'Help children of Kabul'

The plight of children caught up in the conflict in Afghanistan has prompted a senior RAF Marham policeman to set up a special project as a permanent legacy of support for the youngsters.

The plight of children caught up in the conflict in Afghanistan has prompted a senior RAF Marham policeman to set up a special project as a permanent legacy of support for the youngsters.

Flight Sgt Paul "Swampy" Edwards needs support for his scheme as he nears the end of a tough four-month tour based in Kabul.

He hopes to raise at least £1,000 towards the cost of an IT learning centre specially for girls in the town.

Flight Sgt Edwards said: "This will be the first of its kind in the whole of Afghanistan. I came up with the idea after chatting to elders and the schools.

"I decided that it should be for girls because it has become recognised that there is a need for them to receive the same education as boys.

"This does not tend to happen at the moment, for a variety of cultural and historical reasons."

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Flight Sgt Edwards and his wife, Sallyanne, a prostate cancer specialist nurse at Queen Elizabeth Hospital, King's Lynn, have two daughters of their own, Lucy, seven, and Lily, four.

He said: "Lily has Down's Syndrome, which has made me more aware of how all children have a very special place in this world, and led me to think it would be good to do something to help girls here in Afghanistan."

His work as deputy international police station commander at Kabul International Airport with the NATO-led International Security Assistance Force and a group of 11 British, Belgian and Bulgarian military police doesn't leave much spare time. It is difficult to organise money-raising functions because of the security situation, but he is hoping colleagues at Marham will be running some events.

He is also hoping his venture will attract the attention of local businesses. He said: "If we don't get the foundations in place before I leave in November, I feel the venture will fail.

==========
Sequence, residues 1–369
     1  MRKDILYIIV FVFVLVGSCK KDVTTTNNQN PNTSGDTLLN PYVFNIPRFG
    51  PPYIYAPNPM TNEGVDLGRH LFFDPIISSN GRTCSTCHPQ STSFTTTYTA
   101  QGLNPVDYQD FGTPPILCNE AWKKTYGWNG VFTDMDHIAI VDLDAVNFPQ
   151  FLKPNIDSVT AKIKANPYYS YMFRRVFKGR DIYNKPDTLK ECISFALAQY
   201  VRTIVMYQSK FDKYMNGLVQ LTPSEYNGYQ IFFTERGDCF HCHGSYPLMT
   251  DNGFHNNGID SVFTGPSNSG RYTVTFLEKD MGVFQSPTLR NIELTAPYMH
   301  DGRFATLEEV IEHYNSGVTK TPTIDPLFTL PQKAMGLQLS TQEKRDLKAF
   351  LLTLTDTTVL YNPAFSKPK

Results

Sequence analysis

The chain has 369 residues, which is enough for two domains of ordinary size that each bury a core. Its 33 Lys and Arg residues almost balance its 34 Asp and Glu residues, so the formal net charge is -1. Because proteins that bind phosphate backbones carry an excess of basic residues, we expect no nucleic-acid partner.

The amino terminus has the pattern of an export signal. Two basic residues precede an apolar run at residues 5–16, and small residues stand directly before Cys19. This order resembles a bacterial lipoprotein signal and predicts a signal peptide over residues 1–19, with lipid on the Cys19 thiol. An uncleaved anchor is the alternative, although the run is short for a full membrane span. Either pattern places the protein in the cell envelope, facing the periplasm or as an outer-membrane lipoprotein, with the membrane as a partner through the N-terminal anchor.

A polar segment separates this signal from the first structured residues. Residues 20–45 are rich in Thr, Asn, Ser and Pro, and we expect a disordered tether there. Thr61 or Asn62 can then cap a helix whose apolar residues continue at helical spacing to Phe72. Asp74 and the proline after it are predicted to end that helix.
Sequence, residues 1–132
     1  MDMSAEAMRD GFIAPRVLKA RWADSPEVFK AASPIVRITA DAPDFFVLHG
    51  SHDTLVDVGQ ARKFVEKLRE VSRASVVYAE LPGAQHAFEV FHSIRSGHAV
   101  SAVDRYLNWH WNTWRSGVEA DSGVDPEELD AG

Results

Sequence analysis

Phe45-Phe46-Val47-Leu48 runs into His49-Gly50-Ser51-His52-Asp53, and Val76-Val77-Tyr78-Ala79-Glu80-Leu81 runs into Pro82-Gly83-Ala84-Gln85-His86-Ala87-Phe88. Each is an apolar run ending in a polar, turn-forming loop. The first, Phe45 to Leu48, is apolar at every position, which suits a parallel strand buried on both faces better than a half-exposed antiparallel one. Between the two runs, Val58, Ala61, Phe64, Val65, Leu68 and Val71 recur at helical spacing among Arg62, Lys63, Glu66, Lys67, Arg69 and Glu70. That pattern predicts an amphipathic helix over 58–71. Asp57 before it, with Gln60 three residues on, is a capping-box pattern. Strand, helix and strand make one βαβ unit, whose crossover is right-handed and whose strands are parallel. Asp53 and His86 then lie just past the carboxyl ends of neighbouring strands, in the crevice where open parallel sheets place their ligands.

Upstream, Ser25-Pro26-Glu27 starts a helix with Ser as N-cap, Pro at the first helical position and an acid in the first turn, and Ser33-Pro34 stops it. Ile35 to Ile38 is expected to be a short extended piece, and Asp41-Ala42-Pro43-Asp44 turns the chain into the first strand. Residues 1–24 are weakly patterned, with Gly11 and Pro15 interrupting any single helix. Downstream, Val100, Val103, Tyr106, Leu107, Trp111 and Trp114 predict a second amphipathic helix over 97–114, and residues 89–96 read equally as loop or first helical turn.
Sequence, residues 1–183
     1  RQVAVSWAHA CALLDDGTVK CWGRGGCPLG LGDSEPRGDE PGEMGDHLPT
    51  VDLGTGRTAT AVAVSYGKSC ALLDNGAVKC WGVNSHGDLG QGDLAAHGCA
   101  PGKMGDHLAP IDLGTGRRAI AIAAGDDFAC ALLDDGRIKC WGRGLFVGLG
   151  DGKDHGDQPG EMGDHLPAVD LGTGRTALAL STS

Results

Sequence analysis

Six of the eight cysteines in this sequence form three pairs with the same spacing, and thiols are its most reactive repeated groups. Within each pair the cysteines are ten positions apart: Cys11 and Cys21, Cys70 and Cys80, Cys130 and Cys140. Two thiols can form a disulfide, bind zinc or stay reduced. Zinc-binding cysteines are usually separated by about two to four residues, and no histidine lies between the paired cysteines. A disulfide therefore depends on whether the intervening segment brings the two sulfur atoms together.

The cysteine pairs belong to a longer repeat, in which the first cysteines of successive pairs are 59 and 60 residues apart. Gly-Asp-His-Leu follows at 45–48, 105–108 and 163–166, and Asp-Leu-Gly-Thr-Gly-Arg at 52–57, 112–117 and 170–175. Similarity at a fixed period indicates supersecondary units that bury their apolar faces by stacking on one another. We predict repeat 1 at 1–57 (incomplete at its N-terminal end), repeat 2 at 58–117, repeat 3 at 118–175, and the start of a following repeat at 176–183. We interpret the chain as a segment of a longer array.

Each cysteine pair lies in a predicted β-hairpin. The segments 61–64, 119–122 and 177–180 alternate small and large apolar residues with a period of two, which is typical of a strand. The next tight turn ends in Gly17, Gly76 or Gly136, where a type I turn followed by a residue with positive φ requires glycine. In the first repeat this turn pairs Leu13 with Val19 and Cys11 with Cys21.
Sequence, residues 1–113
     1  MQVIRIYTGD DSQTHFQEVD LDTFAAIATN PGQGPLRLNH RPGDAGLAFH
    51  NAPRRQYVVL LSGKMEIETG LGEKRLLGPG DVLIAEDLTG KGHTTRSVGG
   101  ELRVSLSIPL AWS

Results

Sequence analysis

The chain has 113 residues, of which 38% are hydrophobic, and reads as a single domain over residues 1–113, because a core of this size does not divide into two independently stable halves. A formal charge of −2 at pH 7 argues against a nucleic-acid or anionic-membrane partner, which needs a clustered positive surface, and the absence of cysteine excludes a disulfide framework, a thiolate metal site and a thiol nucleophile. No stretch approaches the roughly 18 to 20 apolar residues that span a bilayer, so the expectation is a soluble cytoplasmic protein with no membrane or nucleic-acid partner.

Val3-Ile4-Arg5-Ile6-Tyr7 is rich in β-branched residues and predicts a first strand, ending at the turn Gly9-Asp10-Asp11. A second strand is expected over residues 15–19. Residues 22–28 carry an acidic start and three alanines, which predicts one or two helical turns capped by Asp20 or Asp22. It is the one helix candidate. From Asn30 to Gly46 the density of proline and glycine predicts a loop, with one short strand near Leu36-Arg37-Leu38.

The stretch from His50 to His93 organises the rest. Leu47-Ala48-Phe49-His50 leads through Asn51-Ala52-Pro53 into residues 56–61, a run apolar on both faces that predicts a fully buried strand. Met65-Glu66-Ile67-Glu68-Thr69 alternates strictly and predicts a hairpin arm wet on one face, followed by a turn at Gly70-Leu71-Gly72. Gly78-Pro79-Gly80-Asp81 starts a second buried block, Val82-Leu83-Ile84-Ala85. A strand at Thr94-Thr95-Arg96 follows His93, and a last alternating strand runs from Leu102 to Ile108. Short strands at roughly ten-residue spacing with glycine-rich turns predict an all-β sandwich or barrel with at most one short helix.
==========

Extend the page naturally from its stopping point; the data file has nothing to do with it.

"So we need to do something very quickly. It will be very rewarding if it comes off and anyone who feels they can help - especially at RAF Marham - can be proud of assisting in setting up the first all-girls IT centre in Afghanistan."

Flight Sgt Edwards admitted high-profile security patrols were dangerous and there was

always a risk of "incoming" at the airport.

But it was while he was on his regular patrols that his heart went out to the people of the country.

"The people are very hardy and try to live off the barren land, but years of war have left their mark and they are very poor.

"One the whole, the people welcome us with open arms and are glad to see some form of normality in their

lives.

"If we are to help this country, we must first change the mindset that exists with so many and educate the next generation."

One particular incident prompted him to come up with his scheme. He said: "I was on patrol in Kabul centre, where in some districts poverty is evident everywhere.

"One child broke my heart - a girl aged about two, alone and in rags, begging in the street. Beneath the dirt she was a beautiful, normal child. It was this that spurred me into action."

When he returned home for a short leave in August, he showed his daughters photos he had taken -

and both gave a teddy each to be raffled for the project.

To help the project contact the Community Relations Office at RAF Marham on 01760 337261, ext 7332.